There’s Nothing Wrong With Being A Princess

April 11, 2016  |  

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Shutterstock

 

Who really wants to be a princess anyway? Years ago you could ask my daughter and she raised her hand high. It’s pretty unsettling, honestly. Before they come out of the womb, little girls are being marketed to–from bedding sets to wall decals, I received pink ‘princess’ everything in the months leading up to the birth of my daughter.

“What’s the big deal?,” their father asked. “They’re little girls, why should this princess thing matter?” Pregnant and miserable, I needled him, ”Because I don’t want my daughter to grow up feeling like they’re to be doted on, every minute of the day–a day where their main focus is being delicate and finding a prince and keeping their nails done.” I pouted. He shook his head, “You’re nuts.”

Yellow and green. Elephants, honeybees and owls. That’s what I requested from all family and friends who prodded me about wardrobe preferences. I laugh now when I think of it — I may as well have kept the gender to myself. “It’s a girl though and I saw this frilly little princess outfit and I just had to get it,” one shower attendee insisted. “Thank you!,” I responded in a similar octave, and plastered a grin on but I cringed on the inside.

I’ve always been into the idea of stepping outside of the expected when framing their mindset. Why shouldn’t my daughter have a train set alongside their box of dolls? Why does everything “girl” have to be pink and embellished with a tiara?

I’ve loosened up as she got older, mainly because I can’t fight a losing battle which goes way beyond Disney who, everyone knows, has a stranglehold on the baby-to-tween girl market. They don’t even push Mulan like they do the other princesses and she’s the toughest princess they’ve got! There are sweatsuits with ‘Princess’ embossed in glitter — I don’t do as much as my fellow moms but every once in awhile I give in to princess power.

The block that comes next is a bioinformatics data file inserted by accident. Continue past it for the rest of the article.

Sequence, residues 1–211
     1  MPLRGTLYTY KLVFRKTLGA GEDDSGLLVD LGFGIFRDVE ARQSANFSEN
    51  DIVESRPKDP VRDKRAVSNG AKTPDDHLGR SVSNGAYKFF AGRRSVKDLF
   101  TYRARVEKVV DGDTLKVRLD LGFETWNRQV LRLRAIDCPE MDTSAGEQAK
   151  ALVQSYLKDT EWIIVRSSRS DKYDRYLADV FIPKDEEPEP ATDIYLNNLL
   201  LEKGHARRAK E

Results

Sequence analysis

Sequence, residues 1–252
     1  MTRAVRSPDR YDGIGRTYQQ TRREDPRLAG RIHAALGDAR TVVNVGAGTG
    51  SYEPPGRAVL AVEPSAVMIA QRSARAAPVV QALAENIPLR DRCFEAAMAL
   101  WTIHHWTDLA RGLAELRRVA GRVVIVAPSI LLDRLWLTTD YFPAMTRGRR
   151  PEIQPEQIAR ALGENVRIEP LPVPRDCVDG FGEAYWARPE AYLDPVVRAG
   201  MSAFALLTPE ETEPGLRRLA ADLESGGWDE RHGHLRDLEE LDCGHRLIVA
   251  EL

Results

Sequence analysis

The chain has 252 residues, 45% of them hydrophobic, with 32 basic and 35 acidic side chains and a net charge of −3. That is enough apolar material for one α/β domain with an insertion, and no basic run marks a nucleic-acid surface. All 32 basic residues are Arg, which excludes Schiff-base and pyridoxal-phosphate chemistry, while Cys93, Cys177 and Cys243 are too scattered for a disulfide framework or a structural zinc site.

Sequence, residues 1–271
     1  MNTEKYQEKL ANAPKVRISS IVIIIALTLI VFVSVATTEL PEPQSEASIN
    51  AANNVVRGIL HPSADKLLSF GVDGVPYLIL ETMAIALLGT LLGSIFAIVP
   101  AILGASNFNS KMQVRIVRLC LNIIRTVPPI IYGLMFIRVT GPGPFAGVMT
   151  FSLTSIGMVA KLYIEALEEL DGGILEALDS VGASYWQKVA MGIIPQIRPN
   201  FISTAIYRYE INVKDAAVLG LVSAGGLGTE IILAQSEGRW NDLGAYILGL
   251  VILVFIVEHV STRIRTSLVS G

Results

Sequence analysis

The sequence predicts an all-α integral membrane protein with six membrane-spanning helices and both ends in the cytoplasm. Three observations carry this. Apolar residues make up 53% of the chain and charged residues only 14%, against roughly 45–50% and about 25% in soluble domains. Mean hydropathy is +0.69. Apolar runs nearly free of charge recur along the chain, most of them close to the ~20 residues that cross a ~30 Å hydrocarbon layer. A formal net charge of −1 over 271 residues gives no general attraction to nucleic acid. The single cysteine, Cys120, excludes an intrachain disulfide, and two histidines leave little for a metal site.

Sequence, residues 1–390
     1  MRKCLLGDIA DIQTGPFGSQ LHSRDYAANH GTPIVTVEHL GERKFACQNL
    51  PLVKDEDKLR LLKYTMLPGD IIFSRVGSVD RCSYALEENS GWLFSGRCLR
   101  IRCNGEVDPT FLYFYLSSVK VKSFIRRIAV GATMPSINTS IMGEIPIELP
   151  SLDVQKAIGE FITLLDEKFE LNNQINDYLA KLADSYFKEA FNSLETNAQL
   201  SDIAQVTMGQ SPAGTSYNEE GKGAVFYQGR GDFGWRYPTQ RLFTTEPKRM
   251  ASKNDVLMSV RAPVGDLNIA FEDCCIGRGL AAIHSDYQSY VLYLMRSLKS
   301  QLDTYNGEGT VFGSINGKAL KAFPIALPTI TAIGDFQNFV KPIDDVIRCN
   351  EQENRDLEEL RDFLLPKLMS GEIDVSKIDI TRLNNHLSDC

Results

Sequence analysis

In the last few years we have a family member who plays professional basketball so we’re often in the stands, cheering at the games.  She loved it — the energy, the music, everything. One night, I asked my daughter if she’d like to play basketball since she had just turned the starting age.  “Probably not,” she replied. (She’s since played on a basketball team for a few lessons, but wasn’t that into it) “I’d definitely don’t want to be a cheerleader either,” she said with frown. “All that shaking to cheer on the team? And why are their shorts sooo short.” Yep, you bet I smiled inside.

I don’t want my girl to think there’s anything wrong with liking pink, or loving princess movies, but I do want her to understand that she can want outside of what’s presented to them. Just because it doesn’t come with a crown doesn’t mean it’s not for you. Play with the toy truck if you want to. Build something amazing with the red and yellow Legos you don’t need the ones for “princesses.” Dominate ballet and soccer. Why not? You’re my little queen, with or without the labels and plastic crowns.

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